"Not really, it was an interesting story and told very well I might add, "Bonnie replied smiling.
"Let's get out of here before they throw us out. I'll take you home."
J.W. walked Bonnie to her door, took her hand and said good night. Bonnie pulled him to her, gave him a hug and kissed his cheek telling him thank you. When Bonnie hugged him, she realized for the first time how solid and massive J.W. was. At 6' 3" he towered over her 5' 7" and spread 245 pounds over that large frame. He looked like a pirate with that scar, but he was really a teddy bear. She hoped he would call her again. If he didn't, she vowed to call him.
Bonnie had looked past the scar. She accepted his dinner invitation because he was a little shy and seemed to be a nice person. After their dinner she knew what a good man J.W. was. A week went by and just as Bonnie thought she would have to call him; J.W. came by her office and asked her to go to some kind of industry awards dinner dance.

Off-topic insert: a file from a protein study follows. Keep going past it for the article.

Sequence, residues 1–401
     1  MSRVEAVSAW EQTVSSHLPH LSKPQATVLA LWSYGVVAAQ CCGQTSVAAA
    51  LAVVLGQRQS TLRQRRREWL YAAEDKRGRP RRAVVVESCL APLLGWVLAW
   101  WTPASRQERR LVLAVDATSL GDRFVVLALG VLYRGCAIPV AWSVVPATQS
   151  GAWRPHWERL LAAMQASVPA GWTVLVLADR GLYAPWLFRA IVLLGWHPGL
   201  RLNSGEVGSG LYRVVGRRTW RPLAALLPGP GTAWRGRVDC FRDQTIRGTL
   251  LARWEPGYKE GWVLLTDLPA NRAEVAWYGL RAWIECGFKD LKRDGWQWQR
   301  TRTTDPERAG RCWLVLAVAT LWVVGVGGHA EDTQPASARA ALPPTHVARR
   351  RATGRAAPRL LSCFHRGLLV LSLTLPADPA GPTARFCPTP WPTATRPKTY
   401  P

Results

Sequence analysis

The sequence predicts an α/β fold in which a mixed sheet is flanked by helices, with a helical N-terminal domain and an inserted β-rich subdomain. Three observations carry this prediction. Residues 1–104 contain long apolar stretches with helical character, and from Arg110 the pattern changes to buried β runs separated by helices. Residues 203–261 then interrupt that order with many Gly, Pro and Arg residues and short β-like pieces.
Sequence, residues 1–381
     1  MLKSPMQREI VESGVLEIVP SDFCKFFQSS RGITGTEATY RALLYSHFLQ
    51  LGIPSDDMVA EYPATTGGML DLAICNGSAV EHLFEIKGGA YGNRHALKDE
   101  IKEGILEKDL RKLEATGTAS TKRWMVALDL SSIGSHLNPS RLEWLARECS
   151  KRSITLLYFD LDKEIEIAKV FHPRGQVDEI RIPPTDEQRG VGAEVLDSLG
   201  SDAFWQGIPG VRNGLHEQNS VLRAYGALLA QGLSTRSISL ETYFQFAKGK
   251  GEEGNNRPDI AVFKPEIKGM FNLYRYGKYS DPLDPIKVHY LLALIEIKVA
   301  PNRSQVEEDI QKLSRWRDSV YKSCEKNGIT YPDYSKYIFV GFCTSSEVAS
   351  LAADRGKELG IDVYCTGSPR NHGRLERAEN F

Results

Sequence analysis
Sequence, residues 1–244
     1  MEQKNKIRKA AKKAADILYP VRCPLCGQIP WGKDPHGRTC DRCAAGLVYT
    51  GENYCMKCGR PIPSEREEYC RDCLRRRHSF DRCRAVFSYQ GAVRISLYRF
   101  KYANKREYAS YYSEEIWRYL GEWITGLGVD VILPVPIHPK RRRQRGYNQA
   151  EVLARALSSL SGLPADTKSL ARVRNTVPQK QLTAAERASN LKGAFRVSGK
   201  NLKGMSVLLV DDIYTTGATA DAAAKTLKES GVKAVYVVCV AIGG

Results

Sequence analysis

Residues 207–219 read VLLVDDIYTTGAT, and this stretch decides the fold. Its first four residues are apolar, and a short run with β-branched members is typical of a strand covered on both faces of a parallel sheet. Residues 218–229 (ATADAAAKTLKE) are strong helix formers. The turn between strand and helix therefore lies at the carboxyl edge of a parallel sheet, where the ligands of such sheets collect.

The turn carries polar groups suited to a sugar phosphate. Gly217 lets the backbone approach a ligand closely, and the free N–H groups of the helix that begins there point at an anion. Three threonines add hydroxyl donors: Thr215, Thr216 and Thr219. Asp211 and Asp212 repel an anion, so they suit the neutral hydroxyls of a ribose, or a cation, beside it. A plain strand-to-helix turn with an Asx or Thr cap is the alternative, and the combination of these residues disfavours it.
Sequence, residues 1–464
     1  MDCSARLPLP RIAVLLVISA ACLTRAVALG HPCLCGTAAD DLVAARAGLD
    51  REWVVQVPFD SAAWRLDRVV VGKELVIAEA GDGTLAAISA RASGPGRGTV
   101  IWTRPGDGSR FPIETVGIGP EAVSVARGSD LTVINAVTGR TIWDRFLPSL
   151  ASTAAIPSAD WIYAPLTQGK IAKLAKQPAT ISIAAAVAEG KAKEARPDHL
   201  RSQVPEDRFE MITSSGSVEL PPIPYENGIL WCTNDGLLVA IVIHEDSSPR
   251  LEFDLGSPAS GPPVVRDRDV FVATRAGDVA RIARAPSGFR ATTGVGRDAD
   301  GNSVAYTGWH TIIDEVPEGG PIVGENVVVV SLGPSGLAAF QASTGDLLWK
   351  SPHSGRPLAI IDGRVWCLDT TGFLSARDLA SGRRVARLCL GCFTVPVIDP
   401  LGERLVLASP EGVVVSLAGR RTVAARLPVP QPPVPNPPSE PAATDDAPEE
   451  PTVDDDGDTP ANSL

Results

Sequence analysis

J.W. was totally tongue tied by how beautiful Bonnie looked when he picked her up for the dance. She wore a long gold gown, with a slit up the side and a little low cut on top. Bonnie's neck and shoulders were bare with her auburn hair was piled on top of her head in some glorious fashion and she had a string of pearls around her neck.
"You clean up pretty good, J.W., "Bonnie said smiling at him. She twirled and asked, "Will this be okay?"
He stood there with his mouth open. Finally he said, "You're beautiful Bonnie."
That dinner dance was the beginning of a relationship that J.W. never thought he could have. Other than work, he and Bonnie spent almost every waking minute together and six months later they were married.